The Tax Relief Act of 2010 authorized 50 percent bonus depreciation for qualified property acquired and placed in service by December 31, 2012 (which is extended one year for certain longer-lived assets). For new passenger autos or light trucks used 100 percent for business and subject to the luxury auto depreciation limitations, the bonus depreciation break increases the maximum first-year depreciation deduction by $8,000 for vehicles placed in service in 2012. Under current law, there is no bonus depreciation or extra $8,000 auto or light truck depreciation limitation after December 31, 2012.
Redeem a Shareholder’s Stock
A shareholder who wants the corporation to redeem some or all of his or her stock should complete the redemption by the end of 2012. Whether the redemption is treated as a sale or exchange (capital gain) or a non-liquidating corporate distribution (dividend to the extent of the corporation’s earnings and profits, and possible capital gain thereafter), the 2013 long-term capital gain and dividend tax rates are scheduled to be higher than the 2012 rates.
Liquidate the Business
Owners planning on liquidating the business should do so by the end of 2012 to use the 15 percent long-term capital gain and dividend tax rates. The 2013 rates for these taxes are scheduled to be 20 percent for long-term capital gains, and ordinary income tax rates for dividends. While an installment sale is normally a good idea because it defers tax until later years when the payments are received, deferral is undesirable when future payments are taxed at a higher rate. To tax the gain in 2012, the owner can elect out of the installment method for the liquidation gain on his or her 2012 Form 1040 (the tax return for the year the liquidating distribution is received)
Distribute C Corporation Earnings and Profits
Shareholders recognize a taxable dividend to the extent the distribution is paid out of corporate earnings and profits (E&P). If the distribution exceeds E&P, the excess reduces the shareholder’s stock basis, with any amount in excess of the shareholder’s stock basis treated as capital gain. Once again, with shareholders facing a major increase in the tax rate on dividends in 2013, the rest of 2012 presents a great opportunity to clear out some or all of the corporation’s E&P at a low (and in some cases zero) tax rate.
Distribute S Corporation Earnings and Profits
S corporations sometimes have a substantial amount of accumulated earnings and profits (AE&P) because they formerly were a C corporation or acquired the assets of another corporation that had AE&P. AE&P can subject the S corporation to a tax on net passive income and can terminate the S election if the corporation has AE&P and passive investment income in excess of 25 percent of gross receipts for three consecutive years. In addition, AE&P can cause distributions to be taxed as dividends. Distribute AE&P now and take advantage of the maximum 15 percent dividend tax rate through the end of 2012.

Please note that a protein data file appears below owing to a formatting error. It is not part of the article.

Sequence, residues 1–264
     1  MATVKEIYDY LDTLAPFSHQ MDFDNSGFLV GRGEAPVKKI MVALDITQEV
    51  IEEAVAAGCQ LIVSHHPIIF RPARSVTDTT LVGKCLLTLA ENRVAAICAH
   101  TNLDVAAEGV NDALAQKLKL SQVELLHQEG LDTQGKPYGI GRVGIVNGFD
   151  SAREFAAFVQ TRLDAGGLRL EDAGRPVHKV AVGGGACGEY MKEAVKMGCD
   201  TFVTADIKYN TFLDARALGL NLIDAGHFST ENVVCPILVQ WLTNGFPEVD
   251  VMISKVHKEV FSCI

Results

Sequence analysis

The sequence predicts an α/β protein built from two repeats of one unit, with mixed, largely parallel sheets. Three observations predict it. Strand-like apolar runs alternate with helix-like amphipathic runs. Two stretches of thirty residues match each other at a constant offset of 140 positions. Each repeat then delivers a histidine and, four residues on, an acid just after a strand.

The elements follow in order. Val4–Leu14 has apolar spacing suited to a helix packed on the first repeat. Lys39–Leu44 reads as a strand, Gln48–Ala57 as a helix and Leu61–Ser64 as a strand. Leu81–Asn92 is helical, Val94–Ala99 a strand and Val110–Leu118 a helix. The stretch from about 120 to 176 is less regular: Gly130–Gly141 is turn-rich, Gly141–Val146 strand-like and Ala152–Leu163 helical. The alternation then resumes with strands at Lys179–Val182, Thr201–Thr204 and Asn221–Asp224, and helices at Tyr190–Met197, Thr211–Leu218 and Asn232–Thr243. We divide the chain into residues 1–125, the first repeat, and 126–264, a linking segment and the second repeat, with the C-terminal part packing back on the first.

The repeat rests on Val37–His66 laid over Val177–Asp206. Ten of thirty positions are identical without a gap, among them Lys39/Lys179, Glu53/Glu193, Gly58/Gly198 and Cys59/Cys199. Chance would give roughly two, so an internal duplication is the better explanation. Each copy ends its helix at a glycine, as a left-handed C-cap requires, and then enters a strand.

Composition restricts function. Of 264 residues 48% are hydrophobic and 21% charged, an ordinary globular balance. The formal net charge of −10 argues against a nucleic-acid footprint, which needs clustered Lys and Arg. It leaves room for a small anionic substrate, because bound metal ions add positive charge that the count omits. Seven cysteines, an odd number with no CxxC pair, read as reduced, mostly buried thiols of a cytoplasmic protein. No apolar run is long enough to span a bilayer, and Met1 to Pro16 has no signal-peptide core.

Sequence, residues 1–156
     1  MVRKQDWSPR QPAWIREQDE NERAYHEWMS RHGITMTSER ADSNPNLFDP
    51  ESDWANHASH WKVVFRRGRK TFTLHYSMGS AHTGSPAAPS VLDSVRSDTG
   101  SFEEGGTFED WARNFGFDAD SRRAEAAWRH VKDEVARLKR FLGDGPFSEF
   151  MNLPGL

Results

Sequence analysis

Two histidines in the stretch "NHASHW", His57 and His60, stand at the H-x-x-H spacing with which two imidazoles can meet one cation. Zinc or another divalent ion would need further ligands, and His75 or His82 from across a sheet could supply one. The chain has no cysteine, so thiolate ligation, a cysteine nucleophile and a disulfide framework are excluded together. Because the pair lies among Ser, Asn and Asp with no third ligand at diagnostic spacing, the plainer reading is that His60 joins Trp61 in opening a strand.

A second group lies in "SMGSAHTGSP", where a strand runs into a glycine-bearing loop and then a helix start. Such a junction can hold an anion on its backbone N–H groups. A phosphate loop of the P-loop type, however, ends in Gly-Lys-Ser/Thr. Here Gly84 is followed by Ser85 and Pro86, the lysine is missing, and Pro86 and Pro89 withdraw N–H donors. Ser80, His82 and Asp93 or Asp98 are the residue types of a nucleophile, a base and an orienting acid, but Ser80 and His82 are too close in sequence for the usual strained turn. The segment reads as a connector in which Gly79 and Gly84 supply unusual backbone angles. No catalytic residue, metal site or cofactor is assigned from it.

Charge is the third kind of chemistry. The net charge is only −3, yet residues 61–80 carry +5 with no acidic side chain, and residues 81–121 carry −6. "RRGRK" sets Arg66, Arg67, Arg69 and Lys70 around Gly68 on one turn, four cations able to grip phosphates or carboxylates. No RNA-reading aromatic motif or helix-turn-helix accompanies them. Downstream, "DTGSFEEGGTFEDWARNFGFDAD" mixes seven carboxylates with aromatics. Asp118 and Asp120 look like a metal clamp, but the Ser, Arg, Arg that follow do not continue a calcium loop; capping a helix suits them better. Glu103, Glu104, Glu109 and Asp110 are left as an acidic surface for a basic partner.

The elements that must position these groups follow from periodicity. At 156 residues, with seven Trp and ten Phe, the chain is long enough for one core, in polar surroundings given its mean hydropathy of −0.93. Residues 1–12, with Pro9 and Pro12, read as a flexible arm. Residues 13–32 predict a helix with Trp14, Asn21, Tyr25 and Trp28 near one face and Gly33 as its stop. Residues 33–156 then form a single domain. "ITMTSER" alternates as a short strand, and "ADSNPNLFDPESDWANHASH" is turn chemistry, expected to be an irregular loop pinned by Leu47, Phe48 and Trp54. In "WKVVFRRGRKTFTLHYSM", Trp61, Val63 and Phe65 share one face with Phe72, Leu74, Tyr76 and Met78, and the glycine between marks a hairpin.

Make an S Corporation Deemed Dividend
An S corporation that has a significant amount of AE&P but little or no cash or other property to make distributions can make a deemed dividend to one or more shareholders. A deemed dividend is a hypothetical distribution of AE&P to the shareholders on the last day of the corporation’s tax year, and is useful to corporations that lack assets to make a distribution because no actual distribution of cash or property is required. In the right situation, a deemed dividend can be a great way to clear out AE&P before the dividend tax rate increases on January 1, 2013.
Minimize Self-employment (SE) Taxation
Partnership business income allocable to general partners and guaranteed payments to limited or general partners for services are subject to the SE tax. LLC members are subject to SE tax on their earnings from business activities unless they are classified as limited partners. Next year, a new 0.9 percent Medicare surtax will be imposed on SE income in excess of specified threshold amounts. It may be possible to lower the SE tax impact by using a corporation to hold the partnership or LLC interest (e.g., to limit liability), leasing property to the business (assuming that leasing is not a trade or business), structuring retirement payments to meet a special SE tax exception, or employing family members and paying them deductible wages to cover their living expenses.